Growth and maturity of salmon sharks (Lamna ditropis) in the eastern and western North Pacific, and comments on back-calculation methods

Issue:

Author(s): 
Goldman, Kenneth J., and John A. Musick
Cover date: 
2006
Pages: 
278–292
Abstract:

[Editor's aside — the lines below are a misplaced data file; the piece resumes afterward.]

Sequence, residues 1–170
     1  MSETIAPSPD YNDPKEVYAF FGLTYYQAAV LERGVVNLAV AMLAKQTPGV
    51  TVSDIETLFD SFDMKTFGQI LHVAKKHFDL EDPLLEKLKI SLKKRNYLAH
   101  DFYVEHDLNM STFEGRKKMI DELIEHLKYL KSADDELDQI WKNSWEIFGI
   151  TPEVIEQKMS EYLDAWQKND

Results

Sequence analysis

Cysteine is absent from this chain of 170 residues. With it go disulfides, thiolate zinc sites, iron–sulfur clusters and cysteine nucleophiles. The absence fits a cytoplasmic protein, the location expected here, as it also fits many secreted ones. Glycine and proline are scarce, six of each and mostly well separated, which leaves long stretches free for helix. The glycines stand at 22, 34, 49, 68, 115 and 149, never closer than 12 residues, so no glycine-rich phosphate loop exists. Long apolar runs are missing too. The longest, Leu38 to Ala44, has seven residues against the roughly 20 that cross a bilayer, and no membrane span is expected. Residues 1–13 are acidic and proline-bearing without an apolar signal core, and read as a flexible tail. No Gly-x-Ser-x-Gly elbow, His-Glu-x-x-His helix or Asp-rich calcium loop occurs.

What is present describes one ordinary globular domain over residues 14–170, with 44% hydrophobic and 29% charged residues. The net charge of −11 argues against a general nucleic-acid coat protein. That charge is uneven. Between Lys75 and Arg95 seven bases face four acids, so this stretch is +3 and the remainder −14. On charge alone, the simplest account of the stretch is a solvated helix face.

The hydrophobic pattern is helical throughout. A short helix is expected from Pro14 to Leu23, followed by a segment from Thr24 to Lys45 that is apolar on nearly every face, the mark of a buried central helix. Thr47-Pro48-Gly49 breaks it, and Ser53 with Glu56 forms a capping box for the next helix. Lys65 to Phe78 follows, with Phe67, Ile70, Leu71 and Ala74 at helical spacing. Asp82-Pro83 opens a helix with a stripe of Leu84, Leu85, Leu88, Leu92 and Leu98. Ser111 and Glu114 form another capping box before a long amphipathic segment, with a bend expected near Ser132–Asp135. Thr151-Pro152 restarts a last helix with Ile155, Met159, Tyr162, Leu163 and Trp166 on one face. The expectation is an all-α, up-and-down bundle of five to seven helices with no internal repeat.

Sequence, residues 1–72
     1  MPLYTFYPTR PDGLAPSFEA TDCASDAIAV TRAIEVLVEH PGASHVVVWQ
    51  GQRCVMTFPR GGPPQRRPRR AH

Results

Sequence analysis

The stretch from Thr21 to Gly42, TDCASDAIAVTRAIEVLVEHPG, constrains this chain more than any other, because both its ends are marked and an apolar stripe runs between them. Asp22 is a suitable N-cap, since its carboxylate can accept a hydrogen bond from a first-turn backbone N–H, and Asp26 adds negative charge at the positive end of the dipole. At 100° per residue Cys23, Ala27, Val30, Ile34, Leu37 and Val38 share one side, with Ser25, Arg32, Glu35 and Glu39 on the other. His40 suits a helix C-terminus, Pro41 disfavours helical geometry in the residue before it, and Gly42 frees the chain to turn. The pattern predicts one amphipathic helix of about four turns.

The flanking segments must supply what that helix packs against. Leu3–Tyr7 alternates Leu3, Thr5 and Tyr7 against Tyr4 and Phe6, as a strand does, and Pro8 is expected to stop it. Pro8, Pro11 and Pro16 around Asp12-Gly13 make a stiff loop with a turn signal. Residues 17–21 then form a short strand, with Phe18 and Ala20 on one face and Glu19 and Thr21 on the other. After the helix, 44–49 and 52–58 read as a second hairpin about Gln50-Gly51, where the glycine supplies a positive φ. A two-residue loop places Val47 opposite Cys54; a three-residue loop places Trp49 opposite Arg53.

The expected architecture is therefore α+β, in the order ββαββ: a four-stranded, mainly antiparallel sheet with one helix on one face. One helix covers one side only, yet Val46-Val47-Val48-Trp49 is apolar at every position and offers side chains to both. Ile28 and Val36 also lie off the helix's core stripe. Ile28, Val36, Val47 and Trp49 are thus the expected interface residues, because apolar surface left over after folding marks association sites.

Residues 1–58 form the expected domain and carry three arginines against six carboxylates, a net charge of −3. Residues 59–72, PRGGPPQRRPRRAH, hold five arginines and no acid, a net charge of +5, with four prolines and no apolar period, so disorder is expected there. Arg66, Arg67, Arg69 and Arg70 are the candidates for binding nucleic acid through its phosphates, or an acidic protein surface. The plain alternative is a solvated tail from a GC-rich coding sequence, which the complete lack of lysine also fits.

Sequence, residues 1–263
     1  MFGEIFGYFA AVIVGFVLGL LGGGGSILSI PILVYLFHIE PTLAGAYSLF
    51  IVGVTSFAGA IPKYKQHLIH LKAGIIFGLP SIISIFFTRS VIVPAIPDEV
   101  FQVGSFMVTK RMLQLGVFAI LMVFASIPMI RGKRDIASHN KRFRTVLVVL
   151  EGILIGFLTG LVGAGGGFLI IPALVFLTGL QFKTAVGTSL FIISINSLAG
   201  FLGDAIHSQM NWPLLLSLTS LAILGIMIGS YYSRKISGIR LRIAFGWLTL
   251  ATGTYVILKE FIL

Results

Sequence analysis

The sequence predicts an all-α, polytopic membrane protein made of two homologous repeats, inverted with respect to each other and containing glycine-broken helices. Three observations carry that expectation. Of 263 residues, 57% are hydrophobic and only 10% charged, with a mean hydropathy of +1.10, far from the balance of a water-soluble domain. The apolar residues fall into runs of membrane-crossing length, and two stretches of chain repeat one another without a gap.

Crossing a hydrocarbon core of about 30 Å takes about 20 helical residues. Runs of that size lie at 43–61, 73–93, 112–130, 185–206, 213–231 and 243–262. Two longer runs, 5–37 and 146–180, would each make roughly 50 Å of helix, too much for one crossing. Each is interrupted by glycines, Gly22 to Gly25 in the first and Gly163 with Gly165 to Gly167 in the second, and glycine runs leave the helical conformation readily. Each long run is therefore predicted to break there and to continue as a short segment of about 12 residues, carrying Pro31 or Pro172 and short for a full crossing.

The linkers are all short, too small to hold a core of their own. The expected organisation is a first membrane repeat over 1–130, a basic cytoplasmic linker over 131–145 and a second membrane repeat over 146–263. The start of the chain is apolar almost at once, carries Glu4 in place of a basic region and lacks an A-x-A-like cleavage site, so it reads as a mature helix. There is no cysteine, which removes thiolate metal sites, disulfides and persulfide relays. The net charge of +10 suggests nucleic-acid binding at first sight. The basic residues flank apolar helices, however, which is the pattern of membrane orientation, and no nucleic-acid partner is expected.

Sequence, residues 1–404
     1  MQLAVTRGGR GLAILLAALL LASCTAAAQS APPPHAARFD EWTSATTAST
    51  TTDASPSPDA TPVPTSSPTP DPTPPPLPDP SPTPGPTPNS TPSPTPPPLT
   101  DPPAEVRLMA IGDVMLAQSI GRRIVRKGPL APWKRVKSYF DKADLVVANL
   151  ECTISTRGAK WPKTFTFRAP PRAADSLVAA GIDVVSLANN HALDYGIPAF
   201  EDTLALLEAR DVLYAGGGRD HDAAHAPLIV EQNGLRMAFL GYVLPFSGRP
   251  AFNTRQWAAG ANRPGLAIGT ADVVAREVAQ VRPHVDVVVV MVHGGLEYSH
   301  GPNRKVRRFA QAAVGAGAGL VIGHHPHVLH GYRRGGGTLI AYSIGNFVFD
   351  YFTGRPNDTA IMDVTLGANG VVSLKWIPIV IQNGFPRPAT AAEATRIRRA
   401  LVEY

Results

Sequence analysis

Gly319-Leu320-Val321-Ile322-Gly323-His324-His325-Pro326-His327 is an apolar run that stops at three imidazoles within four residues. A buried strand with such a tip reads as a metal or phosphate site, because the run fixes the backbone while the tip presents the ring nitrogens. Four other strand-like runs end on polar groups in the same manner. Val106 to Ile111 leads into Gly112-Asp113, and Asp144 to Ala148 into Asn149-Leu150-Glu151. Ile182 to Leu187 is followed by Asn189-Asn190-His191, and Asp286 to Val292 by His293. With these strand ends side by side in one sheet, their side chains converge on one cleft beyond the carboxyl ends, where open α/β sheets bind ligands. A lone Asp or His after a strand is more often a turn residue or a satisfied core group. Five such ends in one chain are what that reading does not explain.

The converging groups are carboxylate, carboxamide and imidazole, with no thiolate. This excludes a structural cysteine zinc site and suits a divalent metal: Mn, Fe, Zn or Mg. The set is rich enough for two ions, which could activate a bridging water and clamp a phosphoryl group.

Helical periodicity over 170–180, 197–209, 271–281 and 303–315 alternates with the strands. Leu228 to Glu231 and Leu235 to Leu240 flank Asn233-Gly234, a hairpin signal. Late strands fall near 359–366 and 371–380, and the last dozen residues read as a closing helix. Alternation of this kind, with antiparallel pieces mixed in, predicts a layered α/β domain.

Age and growth estimates for salmon sharks (Lamna ditropis) in the eastern North Pacific were derived from 182 vertebral centra collected from sharks ranging in length from 62.2 to 213.4 cm precaudal length (PCL) and compared to previously published age and growth data for salmon sharks in the western North Pacific. Eastern North Pacific female and male salmon sharks were aged up to 20 and 17 years, respectively. Relative marginal increment (RMI) analysis showed that postnatal rings form annually between January and March. Von Bertalanffy growth parameters derived from vertebral length-at-age data are L∞ =207.4 cm PCL, k=0.17/yr, and t0=−2.3 years for females (n=166), and L∞ =182.8 cm PCL, k=0.23/yr , and t0=−1.9 years for males (n=16). Age at maturity was estimated to range from six to nine years for females (median precaudal length of 164.7 cm PCL) and from three to five years old for males (median precaudal length of 124.0 cm PCL). Weight-length relationships for females and males in the eastern North Pacific are W=8.2 × 10_05 ×L2.759 (r2=0.99) and W=3.2 × 10–06 × L3.383 (r2=0.99), respectively. Our results show that female and male salmon sharks in the eastern North Pacific possess a faster growth rate, reach sexual maturity earlier, and attain greater weight-at-length than their same-sex counterparts living in the western North Pacific.